Does the material in FRM emulate what an Actuary is suppose to know (i.e. there is significat overlap with the Society of Actuary exams and the FRM),
and does Actuary = Risk Professional ? And if not, then what does an Actuary do….
I am currently an ASA (Associate of the Society of Actuaries) and a CERA (Chartered Enterprise Risk Analyst), which is a risk management credential bestowed upon me by the SOA for taking and passing a series of exams related to Enterprise Risk Management.
The actuarial field is certainly paying attention to the importance, both now and in the future, of ERM and its core principles. The Society of Actuaries (SOA) has already developed a risk management credential of its own (CERA), which includes 5 exams and a few other educational requirements, like seminars and online modules.
The actuarial profession certainly deals with risk assessment and risk management, but the primary focus of actuaries is to understand and interpret mathematical models used to analyze and project certain aspects of risk that can reasonably be projected.
There are two “levels” of actuarial credentials - associateship and fellowship. An associate of the SOA will generally possess a general knowledge of actuarial practice, including a strong foundation in probability, financial mathematics, actuarial models and the validation of such models via statistical analysis and testing. They will also have had studied practical aspects of the profession, such as control cycles, data analysis and introductions to risk management.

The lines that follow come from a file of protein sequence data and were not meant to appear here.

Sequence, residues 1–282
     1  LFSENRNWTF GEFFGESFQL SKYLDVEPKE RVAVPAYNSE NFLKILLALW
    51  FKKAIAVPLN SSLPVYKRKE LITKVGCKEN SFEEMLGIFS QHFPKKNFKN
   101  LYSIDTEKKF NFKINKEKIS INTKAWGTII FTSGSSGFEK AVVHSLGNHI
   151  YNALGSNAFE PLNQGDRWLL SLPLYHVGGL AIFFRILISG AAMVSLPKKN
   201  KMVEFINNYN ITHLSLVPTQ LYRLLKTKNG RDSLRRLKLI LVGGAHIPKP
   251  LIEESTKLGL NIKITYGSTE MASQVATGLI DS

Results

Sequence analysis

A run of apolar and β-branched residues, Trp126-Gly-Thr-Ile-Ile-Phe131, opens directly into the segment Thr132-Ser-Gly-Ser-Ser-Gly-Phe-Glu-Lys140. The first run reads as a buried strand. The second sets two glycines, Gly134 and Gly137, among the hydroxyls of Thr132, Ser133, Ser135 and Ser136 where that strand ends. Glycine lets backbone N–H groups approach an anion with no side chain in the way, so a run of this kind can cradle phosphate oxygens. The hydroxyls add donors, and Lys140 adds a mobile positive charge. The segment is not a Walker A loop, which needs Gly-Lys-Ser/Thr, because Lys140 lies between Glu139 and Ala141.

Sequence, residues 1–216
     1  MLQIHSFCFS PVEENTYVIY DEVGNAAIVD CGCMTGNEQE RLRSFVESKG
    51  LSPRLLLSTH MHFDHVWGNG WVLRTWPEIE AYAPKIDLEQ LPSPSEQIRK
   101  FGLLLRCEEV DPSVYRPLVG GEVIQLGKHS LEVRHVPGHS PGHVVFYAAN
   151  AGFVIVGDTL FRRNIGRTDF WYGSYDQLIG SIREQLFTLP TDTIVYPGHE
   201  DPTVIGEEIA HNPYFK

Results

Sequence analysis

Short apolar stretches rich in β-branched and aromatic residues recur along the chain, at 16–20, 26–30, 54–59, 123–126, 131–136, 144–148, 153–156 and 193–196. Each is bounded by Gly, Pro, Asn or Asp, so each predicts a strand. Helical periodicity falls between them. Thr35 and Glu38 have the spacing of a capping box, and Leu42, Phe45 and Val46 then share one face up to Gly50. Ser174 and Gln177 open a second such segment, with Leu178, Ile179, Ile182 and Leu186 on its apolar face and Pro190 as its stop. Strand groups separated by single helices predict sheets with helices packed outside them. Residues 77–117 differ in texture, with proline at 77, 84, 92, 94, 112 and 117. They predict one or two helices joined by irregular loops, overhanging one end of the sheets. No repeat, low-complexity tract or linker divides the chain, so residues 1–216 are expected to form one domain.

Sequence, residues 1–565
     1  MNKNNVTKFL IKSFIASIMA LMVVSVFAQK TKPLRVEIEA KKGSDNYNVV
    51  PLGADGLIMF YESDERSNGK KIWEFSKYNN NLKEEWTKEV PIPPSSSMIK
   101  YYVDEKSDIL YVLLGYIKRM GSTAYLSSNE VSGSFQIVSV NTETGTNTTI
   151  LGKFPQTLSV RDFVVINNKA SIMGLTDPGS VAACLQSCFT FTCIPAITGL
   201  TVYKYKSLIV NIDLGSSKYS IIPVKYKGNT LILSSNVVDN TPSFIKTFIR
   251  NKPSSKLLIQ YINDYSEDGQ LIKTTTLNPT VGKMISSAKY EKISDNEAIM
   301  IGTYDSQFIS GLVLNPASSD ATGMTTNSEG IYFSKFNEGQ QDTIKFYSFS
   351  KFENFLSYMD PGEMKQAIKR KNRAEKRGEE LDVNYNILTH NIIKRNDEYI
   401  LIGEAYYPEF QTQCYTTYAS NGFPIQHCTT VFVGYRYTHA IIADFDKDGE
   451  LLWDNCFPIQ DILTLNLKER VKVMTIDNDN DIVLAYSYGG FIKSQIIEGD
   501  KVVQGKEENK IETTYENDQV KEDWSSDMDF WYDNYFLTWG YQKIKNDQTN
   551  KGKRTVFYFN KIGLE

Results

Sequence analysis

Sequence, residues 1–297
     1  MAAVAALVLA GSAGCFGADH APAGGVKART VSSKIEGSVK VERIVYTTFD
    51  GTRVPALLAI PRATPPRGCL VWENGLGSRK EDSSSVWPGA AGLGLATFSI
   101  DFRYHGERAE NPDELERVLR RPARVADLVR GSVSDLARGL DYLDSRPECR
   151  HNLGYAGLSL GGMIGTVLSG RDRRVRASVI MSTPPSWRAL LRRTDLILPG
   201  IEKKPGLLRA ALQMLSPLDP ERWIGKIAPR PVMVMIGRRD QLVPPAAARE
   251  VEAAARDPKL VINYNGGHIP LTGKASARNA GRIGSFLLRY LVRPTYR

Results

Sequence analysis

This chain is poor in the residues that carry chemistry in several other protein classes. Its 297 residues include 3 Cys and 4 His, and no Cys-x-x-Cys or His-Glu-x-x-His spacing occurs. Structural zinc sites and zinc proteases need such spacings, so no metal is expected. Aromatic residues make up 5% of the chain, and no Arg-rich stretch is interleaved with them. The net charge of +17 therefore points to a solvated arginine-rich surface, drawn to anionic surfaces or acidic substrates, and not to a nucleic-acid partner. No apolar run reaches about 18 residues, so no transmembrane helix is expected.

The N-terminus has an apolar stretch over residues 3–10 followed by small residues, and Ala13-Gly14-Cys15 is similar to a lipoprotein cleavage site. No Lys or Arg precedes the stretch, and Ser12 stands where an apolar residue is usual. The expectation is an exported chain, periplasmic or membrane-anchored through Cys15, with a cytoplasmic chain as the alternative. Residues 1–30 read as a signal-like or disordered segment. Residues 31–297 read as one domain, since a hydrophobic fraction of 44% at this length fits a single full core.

A fellow of the FSA will have all the knowledge of an associate, plus the advanced knowledge of a specific track/field of knowledge. Indiviudal Life/Annuities, Group Life & Health, Pension and Investments are examples of such tracks. ERM/Finance is another track (one I plan to specialize in), and the exams in this track fall somewhat in line with the FRM exam. I have taken and passed Exam AFE (Advanced Finance/ERM), which covered a LOT of the topics found in what will be known as FRM Level II in 2010. There were several topics in Exam AFE also found in FRM Level I, such as the discussion of VaR calculations.
The other component of the fellowship in ERM/Finance is a topic on Financial Economic Theory, which I believe covers futures, forwards, etc in more depth.
Getting back to the original question, it certainly depends on the level of examinations and experience the actuary in question has had. A pension actuary and a life actuary, for the most part, will have a different knowledge base - pension actuaries are responsible for knowing the calculations and laws specific to the pension filed, while life actuaries are responsible for other balances, calculations and regulations. The skill set will approximately be the same, however.
I do think that actuaries have the ability to comprehend and understand ERM, though. In a very general sense, using the definition of both terms fairly liberally, I believe that actuaries “manage risk”.
If you decide to specialize in ERM/Finance, there will be a significant overlap of topics covered as you take the actuarial exams, but do note that the depth of the material for actuarial exams goes well beyond the FRM exam.
Wow, thanks for your detailed response.
I kind of understand now when I ask my actuary friends if their jobs consist of “calculating risk” and they say “yes, but not really, and we do a lot of other things too”
No problem. Thank you for reading it all the way through! (I’m assuming)
It’s hard to fit what we do in a nutshell, especially because there are different actuaries working on all sorts of different things.
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